Framework Document for College Alcohol Policy launched
The Minister for Health and Children, Micheál Martin TD, and the President of Limerick University, Roger Downer, launched a framework document for the formulation of a college alcohol policy today, Tuesday 9th October. It outlines a number of policy options as well as a methodology for developing a coordinated and effective set of procedures.
“Going to university is a wonderful experience – and, for some students, particularly in their first year, a stressful and difficult experience”, stated the Minister. “Making the best of college years, and coping with the worse of the challenges they pose, is greatly complicated by high-risk drinking and by dependence on alcohol.
That´s why one of the key actions called for by the National Alcohol Policy was the development of a campus alcohol policy which would promote sensible drinking among students and limit campus-related drinks industry sponsorship.”
The framework document was drafted following extensive consultations with the Universities and the Institutes of Technology as well as the Union of Students of Ireland (USI). It contains a range of policy options addressing areas such as:
- Support services for those with problems with alcohol
- Regulating the role of drink sponsorship and drinks reps within colleges
- Finding alternative sources of funding for alcohol sponsorship
- How the advertising of drinks and drink-related events should be carried out at third level institutions
- Education for students and staff on the use and abuse of alcohol
Speaking at the launch, the President of the University of Limerick, Dr Roger Downer said “In recent years we and our colleagues in the other universities and higher education colleges have become concerned about a number of alcohol related issues impinging on the campus community: about alcohol promotion practices on campus, and off campus when targeted at students; high-risk drinking among students; and the impact of this drinking pattern on student academic achievement and student personal problems. The Framework policy document being launched today will assist us in addressing these areas of concern.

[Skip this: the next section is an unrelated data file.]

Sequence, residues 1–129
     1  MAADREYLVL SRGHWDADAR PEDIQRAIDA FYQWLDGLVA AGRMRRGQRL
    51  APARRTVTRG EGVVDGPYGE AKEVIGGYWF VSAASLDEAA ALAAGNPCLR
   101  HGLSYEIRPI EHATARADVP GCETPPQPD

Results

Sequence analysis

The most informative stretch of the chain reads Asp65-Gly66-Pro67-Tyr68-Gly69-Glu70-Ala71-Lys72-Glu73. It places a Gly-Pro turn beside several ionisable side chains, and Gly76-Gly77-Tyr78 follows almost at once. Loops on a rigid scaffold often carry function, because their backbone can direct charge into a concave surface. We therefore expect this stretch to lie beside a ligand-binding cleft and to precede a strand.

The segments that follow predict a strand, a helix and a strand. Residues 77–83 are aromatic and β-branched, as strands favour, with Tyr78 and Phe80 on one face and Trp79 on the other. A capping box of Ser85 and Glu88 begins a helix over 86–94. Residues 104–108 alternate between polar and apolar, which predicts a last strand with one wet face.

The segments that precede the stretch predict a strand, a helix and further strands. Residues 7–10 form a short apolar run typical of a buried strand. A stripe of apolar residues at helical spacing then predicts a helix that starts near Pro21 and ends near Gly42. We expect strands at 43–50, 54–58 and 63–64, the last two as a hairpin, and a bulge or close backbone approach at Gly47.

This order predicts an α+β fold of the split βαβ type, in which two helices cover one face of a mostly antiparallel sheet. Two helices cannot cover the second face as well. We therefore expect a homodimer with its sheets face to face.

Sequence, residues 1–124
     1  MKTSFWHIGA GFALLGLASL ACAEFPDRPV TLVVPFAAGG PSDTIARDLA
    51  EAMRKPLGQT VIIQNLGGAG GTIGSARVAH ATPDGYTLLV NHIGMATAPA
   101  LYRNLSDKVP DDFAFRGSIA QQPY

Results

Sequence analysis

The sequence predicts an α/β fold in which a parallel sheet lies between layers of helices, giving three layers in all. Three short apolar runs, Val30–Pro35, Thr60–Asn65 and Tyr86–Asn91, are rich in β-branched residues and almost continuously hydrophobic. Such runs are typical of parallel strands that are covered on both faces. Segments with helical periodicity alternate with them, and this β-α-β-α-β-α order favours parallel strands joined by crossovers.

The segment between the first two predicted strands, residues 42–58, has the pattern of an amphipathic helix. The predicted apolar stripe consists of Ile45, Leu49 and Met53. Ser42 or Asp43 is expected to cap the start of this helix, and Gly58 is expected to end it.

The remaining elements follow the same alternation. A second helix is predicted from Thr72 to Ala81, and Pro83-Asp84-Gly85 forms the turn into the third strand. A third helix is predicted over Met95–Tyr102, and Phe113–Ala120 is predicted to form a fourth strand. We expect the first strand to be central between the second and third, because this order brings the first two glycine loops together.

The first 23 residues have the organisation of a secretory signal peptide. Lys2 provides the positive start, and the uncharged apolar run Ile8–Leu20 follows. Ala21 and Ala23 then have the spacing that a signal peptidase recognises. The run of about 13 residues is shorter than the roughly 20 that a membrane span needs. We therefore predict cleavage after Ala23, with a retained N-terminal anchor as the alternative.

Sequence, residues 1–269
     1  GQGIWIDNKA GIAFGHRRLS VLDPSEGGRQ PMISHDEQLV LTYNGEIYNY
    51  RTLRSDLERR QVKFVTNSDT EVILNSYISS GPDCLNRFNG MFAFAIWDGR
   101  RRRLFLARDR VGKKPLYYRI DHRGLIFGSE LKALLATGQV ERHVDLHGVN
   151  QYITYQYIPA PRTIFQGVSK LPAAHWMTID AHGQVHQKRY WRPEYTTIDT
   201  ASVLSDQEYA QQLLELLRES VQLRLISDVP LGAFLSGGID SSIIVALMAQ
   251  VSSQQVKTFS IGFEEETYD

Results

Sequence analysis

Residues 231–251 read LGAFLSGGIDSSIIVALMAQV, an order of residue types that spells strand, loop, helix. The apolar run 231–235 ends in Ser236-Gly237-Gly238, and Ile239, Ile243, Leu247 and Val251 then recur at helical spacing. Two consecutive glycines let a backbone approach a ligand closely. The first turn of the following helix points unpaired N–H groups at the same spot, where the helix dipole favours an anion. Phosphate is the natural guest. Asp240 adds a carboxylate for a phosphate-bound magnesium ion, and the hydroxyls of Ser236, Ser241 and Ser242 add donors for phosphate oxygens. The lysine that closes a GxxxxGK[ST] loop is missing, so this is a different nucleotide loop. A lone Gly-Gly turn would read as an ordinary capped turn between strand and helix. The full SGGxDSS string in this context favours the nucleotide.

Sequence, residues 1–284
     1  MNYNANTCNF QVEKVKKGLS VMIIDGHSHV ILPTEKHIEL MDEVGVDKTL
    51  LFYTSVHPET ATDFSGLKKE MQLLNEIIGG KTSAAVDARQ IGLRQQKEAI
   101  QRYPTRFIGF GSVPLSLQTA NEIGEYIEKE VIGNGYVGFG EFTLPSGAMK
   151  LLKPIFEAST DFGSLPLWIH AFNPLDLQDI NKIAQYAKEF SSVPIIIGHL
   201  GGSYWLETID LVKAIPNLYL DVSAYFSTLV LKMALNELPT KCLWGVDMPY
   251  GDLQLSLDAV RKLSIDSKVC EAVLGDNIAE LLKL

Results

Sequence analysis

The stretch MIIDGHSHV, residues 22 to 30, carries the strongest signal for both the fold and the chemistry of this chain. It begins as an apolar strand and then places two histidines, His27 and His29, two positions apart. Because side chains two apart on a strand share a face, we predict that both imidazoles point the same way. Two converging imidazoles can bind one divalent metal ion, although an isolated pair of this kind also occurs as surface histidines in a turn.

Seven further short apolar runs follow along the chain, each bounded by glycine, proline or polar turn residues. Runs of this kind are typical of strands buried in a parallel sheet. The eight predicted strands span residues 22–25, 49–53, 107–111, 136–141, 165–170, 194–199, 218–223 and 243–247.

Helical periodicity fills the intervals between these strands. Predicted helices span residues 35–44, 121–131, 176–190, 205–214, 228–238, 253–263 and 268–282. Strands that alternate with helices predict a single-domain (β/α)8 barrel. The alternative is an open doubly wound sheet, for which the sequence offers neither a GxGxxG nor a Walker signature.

However, the policy guidelines proposed reflect an integrated and balanced approach. This is important. We are not in the business of wanting to be campus ´joy-killers´. We want to encourage on one hand those who do drink, to do so responsibly, thus moderating the demand for alcohol, and on the other hand, to prevent commercial interests from excessive alcohol promotion to the campus community.”
Essential to both the production of the document and its adoption has been the input from the students. As Richard Hammond, President of the Union of Students in Ireland pointed out.
“The key group to benefit from this process will be the students themselves as it will positively effect both their health and welfare. And because we´ve been involved from the very start, students’ views have been taken on board in its development. This document is a key component of the alcohol awareness campaign, and we hope that its future success will pave the way for further student focused health issues.”
Minister Martin said he hoped that all colleges would have a comprehensive alcohol policy in place by the start of the new college year in October 2002. This would give authorities and students sufficient time to consider the various issues involved and put in place the necessary structures to accomplish the policy goals.